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Friday, September 21, 2012

Ann Romney\'s Plane Makes Emergency Landing


NEW ORLEANS â€" Representative Paul D. Ryan faced a tough and at some points hostile audience on Friday at the AARP convention here, drawing applause when he introduced his mother but eliciting wide boos and shouts of “No!” when he called for the repeal of Obamacare, as well as scattered shouts of “47 percent” and “liar” as he attacked other aspects of President Obama's policies.

While Mr. Ryan received a standing ovation from many in the crowd when he was introduced â€" and was applauded at other parts of his speech â€" it seemed to be the most critical audience that the 42-year-old Wisconsin congressman has faced since he was named last month to be Mitt Romney's running mate.

The response contrasted with the more positive reception given to President Obama, who had spoken to the convention over a satellite link earlier on Friday morning. AARP is a nonpartisan organization but supported the Affordable Care Act, which many Republicans refer to as Obamacare.

The booing started when Mr. Ryan repeated his ticket's longstanding view that the health care law should be repealed.

“If we reform Medicare for my generation, we can protect it for those in or near retirement today,” Mr. Ryan began, to some applause.

“The first step toward a stronger Medicare is to repeal Obamacare, because it is the worst of both worlds,” he added, although the last few words were nearly drowned out by hoots and shouts of “No!”

“I had a feeling there would be mixed reactions,” Mr. Ryan said.

Mr. Ryan also drew a negative response when he implied that Mr. Obama was willing to forsake retirees for his o wn political survival.

“Time and again this president has ducked the tough issues,” he said. “He's put his own job security over your retirement security. He said he'd be willing to work with Republicans, but he has not moved an inch closer to common ground.”

“Liar! Liar!” some in the crowd shouted.

But other arguments drew more uniform applause, as when Mr. Ryan said, “Our idea is to force insurance companies to compete against each other to better serve seniors, with more help for the poor and the sick, and less help for the wealthy.”

According to AARP, the median age range for members who attended the convention was 58 to 63. Interviews with a number of members before the speeches suggested that more people who are younger than the group's traditional demographic may have attended because, unlike in past periods when Social Security and Medicare were not seen as threatened, there is now more concern among people in middle age that t he programs will be cut, even as private employers trim back pensions and health care benefits.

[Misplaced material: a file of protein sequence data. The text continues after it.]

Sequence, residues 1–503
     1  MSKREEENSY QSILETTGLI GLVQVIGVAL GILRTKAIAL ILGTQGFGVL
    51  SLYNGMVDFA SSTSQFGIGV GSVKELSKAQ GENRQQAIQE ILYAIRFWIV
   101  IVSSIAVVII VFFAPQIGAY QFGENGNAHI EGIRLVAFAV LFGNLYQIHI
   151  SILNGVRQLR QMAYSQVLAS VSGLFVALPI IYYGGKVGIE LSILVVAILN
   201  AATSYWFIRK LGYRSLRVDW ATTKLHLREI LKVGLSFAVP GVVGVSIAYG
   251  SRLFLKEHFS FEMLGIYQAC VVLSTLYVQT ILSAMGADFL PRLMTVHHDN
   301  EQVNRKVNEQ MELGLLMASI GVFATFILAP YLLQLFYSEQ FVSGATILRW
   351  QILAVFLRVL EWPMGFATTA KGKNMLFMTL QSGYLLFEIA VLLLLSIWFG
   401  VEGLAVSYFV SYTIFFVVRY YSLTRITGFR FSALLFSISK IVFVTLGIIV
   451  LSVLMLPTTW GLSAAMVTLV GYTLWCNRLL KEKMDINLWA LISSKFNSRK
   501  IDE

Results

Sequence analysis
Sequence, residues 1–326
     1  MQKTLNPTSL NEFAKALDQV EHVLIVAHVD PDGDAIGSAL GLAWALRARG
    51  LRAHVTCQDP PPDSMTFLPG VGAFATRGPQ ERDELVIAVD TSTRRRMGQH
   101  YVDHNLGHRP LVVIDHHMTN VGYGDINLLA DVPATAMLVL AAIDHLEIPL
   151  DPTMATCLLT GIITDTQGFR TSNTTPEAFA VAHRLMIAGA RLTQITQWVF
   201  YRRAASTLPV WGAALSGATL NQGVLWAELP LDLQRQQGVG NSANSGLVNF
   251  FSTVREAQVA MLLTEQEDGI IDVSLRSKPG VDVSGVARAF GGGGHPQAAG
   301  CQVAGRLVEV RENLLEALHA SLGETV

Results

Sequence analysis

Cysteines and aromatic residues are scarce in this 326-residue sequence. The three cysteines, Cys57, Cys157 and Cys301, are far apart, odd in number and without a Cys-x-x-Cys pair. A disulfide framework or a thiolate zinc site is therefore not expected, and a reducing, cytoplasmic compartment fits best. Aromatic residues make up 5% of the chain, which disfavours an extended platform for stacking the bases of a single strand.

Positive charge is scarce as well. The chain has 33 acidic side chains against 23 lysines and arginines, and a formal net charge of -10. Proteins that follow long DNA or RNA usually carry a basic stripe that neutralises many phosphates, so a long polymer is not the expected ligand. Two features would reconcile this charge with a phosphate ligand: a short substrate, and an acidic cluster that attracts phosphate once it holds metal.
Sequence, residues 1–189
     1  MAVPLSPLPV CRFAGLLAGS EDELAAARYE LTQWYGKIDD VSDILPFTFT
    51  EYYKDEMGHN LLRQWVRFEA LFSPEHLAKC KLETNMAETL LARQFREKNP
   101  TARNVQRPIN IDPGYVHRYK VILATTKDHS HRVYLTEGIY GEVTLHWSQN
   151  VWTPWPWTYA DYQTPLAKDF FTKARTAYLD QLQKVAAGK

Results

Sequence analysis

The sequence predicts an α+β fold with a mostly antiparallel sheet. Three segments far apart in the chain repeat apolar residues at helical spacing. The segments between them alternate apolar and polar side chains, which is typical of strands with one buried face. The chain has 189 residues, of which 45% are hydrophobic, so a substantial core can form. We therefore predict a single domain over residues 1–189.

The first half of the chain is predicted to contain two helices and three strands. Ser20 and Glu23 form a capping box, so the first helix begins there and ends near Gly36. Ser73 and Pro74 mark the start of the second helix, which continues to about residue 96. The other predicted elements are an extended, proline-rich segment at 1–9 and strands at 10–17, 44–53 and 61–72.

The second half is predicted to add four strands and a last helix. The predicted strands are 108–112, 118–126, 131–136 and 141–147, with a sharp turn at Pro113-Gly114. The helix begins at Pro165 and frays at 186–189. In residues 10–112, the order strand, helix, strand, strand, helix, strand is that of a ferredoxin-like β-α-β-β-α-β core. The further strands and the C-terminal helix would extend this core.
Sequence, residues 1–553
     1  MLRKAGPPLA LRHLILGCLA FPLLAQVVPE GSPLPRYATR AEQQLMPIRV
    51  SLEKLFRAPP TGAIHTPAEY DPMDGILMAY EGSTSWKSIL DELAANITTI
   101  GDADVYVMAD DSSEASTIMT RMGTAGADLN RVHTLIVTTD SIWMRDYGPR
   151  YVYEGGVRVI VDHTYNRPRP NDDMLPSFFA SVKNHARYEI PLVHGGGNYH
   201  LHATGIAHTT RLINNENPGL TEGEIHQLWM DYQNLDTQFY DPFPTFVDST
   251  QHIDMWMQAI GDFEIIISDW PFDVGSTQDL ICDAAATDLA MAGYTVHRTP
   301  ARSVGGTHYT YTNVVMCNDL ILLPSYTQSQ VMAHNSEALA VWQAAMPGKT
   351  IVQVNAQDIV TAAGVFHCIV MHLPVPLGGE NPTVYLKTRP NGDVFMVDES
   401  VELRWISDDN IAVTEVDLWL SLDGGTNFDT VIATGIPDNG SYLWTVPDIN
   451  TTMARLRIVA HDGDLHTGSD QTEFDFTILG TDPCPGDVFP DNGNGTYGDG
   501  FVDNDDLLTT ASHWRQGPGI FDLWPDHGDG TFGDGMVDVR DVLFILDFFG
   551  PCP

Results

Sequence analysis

Many in the audience were plainly wary of the Romney-Ryan approach to Medicare. “I'm not going to vote for anybody who has a voucher plan,” said Doug Turton, a 53-year-old from Maine who said he was scared by their plans. “I've been working for 30-plus years to obtain” benefits, “and it would not be fair.”

“In my opinion the Republicans are very unyielding and not willing to take a look at the whole picture to benefit everybody,” Mr. Turton said. “It is a very elitist attitude toward things.”

But Mr. Ryan did have a number of supporters, even if, taken together, they were less vocal at times during his speech than those who shouted criticisms.

In an interview before Mr. Ryan spoke, Martha Brown, a medical researcher from Michigan, said she appreciated Mr. Obama's view that Social Security and Medicare are benefits that workers have earne d through paying into the programs for many years. But she said she was frustrated that he spun out only what she said were dire possibilities to describe what would happen under Republican alternatives.

“Three-quarters of what he said was a lie,” Ms. Brown said, referring to the speech Mr. Obama had just given over a satellite link.

“He lied about what the Republicans want to do with their voucher program,” she said. “He said, ‘It could lead to this, it could lead to that' â€" he was inventing scenarios that were totally negative. But when people hear it from the president, they believe it is true.”